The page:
What makes a football club "real", instead of a marketable franchise, is the fact that it has history, and that it has links with the community it nominally represents. A lot of clubs pull out all stops to make this happen - sponsoring local events, appearances at hospitals, homework programs with disadvantaged kids - because they know that without a genuine dialogue between the community and the club, they'll never feel like an organic part of the community and their support will be shallow. However, the best way of linking a club to the community is to have players from the area.

There's nothing better than cheering on a player who's grown up with the club, and who's also a fan. It makes the affinity between you and the player so much more powerful. Justin Hoyte, for example, was never talented enough to play for the Arsenal, but we all desperately wanted him to succeed because he's a gooner. Ashley Cole, if he hadn't of been such a greedy &@#$ing $%^, would've been hero-worshipped all his life, simply because he came up through the academy.

I don't think it's just me who like local players. We all do. Even Richard Scudmore admits that:

"We have a quality agenda, what we want is the best players. We would like a huge proportion of those best players to be English. That would tick every box – if they were the best players in the world we would have success at international level."

There's just something about it. It's the difference between getting a pint in the local down the road or the Slug and Lettuce on Main Street. At the end of the day, they both sell the same product, but it's just nicer drinking in the local.

I'm not sure why. Maybe it is xenophobia, after all.

P.S. In case you're wondering, I'm aware of the irony of saying this when I live 10,000 miles away.

Friday, March 27, 2009

Mr T's on Twitter

"There some fools goin unpitted on Twitter right now. I'm here to fix it."

- 80s_Mr_T, on Twitter, 2:11PM 27/02/09

I've been playing around with Twitter a bit, and it's not all bad. Found the fake Eboue's Twitter site, and Ashton Kutcher's site. Fake Eboue's really funny; sounds lik a cool guy to have around in the dressing room. Ashton sounds like a sweet, earnest guy, but a bit dim at times.

Best of all, though, I've found Mr T's Twitter page. It's most amusing. As he puts it himself, pity the fool who doesn't know who he is.

I also pity the fools who are trying to blog about Arsenal during an international fortnight. It's pretty damn difficult for a savant like me, so I imagine it's doubly hard for those who actually try to report Arsenal news. You scour newsnow hoping for an Arsenal story, but you really don't want one because it's most likely about one of our players getting injured.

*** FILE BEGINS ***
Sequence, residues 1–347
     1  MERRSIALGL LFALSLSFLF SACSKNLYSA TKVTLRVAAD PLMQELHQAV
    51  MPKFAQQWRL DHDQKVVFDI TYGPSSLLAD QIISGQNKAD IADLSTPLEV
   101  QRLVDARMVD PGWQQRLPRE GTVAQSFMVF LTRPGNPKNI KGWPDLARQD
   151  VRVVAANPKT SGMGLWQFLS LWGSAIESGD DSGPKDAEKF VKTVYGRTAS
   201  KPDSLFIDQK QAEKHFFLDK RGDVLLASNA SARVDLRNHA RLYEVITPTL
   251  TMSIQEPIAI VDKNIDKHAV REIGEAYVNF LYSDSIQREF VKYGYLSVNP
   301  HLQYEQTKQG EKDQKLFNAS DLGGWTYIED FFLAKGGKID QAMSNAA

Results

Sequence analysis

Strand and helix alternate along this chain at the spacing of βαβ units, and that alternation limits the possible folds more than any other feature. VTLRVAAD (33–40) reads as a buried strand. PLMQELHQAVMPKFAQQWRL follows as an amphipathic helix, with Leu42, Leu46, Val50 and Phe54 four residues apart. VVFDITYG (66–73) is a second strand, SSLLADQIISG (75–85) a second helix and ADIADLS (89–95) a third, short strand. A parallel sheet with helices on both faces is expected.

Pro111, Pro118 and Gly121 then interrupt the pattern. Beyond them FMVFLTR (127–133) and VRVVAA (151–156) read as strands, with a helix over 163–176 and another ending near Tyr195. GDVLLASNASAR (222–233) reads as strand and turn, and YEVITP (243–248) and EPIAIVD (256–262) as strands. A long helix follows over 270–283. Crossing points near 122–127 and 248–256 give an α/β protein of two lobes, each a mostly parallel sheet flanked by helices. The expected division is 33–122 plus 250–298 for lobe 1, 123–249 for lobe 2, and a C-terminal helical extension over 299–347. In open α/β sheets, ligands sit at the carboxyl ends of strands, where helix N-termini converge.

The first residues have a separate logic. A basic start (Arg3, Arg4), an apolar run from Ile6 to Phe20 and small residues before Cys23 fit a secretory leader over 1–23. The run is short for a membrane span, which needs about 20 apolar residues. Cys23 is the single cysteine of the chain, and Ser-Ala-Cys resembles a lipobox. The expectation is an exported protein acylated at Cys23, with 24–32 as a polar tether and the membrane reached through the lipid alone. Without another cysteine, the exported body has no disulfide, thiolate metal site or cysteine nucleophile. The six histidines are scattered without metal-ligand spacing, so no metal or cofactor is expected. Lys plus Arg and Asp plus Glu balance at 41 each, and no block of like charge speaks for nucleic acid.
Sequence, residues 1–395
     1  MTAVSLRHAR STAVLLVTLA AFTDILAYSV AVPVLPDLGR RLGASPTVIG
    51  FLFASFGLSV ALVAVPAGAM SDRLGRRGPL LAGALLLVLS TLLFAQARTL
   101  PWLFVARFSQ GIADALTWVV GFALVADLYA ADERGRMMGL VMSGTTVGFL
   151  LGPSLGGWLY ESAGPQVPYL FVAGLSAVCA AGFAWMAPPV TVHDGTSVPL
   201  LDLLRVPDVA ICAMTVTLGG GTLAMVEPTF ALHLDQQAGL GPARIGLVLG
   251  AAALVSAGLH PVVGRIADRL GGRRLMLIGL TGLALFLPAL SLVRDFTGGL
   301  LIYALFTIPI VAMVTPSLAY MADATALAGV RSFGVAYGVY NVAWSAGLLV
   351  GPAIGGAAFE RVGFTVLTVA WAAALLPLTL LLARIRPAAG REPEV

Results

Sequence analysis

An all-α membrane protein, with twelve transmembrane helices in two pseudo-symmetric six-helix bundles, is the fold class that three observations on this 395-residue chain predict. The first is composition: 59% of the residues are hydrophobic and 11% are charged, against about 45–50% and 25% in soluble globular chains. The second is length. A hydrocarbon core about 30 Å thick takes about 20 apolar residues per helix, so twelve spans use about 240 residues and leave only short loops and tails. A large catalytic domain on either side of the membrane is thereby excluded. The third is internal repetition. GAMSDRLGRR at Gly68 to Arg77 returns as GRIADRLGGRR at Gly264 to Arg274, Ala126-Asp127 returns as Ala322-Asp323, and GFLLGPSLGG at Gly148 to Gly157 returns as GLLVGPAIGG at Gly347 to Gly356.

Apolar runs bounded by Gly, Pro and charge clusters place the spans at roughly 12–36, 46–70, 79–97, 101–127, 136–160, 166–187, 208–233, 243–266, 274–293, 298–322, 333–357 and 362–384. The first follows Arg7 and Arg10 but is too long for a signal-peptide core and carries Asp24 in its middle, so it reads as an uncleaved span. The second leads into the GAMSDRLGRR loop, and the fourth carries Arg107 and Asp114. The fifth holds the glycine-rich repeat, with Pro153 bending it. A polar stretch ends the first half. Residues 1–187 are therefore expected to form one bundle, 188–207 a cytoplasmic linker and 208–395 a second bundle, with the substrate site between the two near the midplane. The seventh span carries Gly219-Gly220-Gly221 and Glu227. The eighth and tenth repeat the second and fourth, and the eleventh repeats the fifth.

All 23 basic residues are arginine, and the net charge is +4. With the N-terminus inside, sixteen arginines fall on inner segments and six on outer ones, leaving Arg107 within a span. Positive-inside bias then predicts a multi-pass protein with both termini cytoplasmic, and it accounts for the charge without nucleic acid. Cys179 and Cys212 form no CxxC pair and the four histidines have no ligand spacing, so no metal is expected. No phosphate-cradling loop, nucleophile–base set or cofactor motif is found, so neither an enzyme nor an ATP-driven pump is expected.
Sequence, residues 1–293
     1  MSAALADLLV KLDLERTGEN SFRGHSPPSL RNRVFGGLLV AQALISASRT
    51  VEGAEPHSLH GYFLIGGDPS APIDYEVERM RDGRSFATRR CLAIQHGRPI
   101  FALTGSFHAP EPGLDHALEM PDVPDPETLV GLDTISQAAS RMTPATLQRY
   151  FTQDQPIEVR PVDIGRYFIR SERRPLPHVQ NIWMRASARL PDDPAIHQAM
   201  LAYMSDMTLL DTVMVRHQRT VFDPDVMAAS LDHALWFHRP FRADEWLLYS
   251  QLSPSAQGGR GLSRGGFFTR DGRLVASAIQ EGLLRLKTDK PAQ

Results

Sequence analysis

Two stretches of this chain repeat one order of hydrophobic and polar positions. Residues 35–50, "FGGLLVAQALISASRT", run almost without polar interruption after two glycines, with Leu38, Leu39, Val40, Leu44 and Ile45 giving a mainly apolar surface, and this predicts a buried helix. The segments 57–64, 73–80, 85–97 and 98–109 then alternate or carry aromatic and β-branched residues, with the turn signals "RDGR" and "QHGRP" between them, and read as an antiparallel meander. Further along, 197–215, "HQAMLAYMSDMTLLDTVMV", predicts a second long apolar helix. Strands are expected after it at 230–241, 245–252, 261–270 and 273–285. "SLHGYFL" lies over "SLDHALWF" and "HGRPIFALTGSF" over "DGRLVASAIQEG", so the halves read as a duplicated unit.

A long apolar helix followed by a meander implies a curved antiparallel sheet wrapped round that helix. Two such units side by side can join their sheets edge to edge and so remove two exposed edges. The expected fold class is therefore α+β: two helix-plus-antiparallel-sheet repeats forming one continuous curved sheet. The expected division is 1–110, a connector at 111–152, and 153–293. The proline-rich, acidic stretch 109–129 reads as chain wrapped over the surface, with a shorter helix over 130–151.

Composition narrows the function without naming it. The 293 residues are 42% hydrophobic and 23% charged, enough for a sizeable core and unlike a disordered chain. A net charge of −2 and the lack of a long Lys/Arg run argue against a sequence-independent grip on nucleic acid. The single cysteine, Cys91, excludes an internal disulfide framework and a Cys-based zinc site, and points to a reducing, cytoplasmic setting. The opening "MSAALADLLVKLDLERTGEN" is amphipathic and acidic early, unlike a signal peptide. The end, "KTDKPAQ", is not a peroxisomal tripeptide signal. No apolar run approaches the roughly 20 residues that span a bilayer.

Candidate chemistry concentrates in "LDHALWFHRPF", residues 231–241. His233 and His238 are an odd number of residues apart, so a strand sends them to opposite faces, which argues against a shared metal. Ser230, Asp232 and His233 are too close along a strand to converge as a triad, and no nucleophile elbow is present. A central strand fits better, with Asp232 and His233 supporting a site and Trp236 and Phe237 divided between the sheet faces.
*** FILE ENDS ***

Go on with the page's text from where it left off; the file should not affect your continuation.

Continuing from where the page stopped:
There's a report on sport.co.uk about how we're going to buy Gourcuff at the end of the season. It's a pretty pathetic story, as the only substantiating evidence is a Nasri quote taken from L'Equipe saying:

“He (Gourcuff) had a hard time during his stay with Milan. Many people wrote him off too quickly. But, as far as I am concerned, I was always aware of his potential."

It's not exactly a proclaimation of eternal love and fidelity by young Sammy, but he likes Gourcuff okay. And since Gourcuff's french, young and a potentially brilliant attacking midfielder, I suppose it's reasonable to suggest Arsenal might be after him. My only query is why on earth Milan would want to sell a guy who's just had an outstanding season at Bordeaux and is rated one of the best prospects in Europe.

The Sun's still on about Cesc's spitting incident. Alleged spitting, I suppose, since there weren't any witnesses and it's Horton's word against Cesc's. I didn't even bother linking on the link, because you kind of know what it's going to be about; the uncouth habits of those dastardly continentals.

And then there's Myles, from Arsenal News Review, with dramatic news about Tomas Rosicky:

"My latest info on Rosicky is that he's had body problems for years."

It doesn't take a network of reporters, snitches and insiders to come up with that kind of news, Myles. He's been out injured ever since he signed with Arsenal, and Dortmund sold him because they were sick of his injuries. You could probably google "Rosicky" and the top three links would be hospitals in the General London area.

As I said, I pity those fools (bloggers, that is).

Thursday, March 26, 2009

C'mon the Socceroos

"Australia would become the first country to book a ticket for the 2010 finals in South Africa if they beat Uzbekistan at Stadium Australia next Wednesday and other results go our way."

- Phillip Micallef, giving me tingles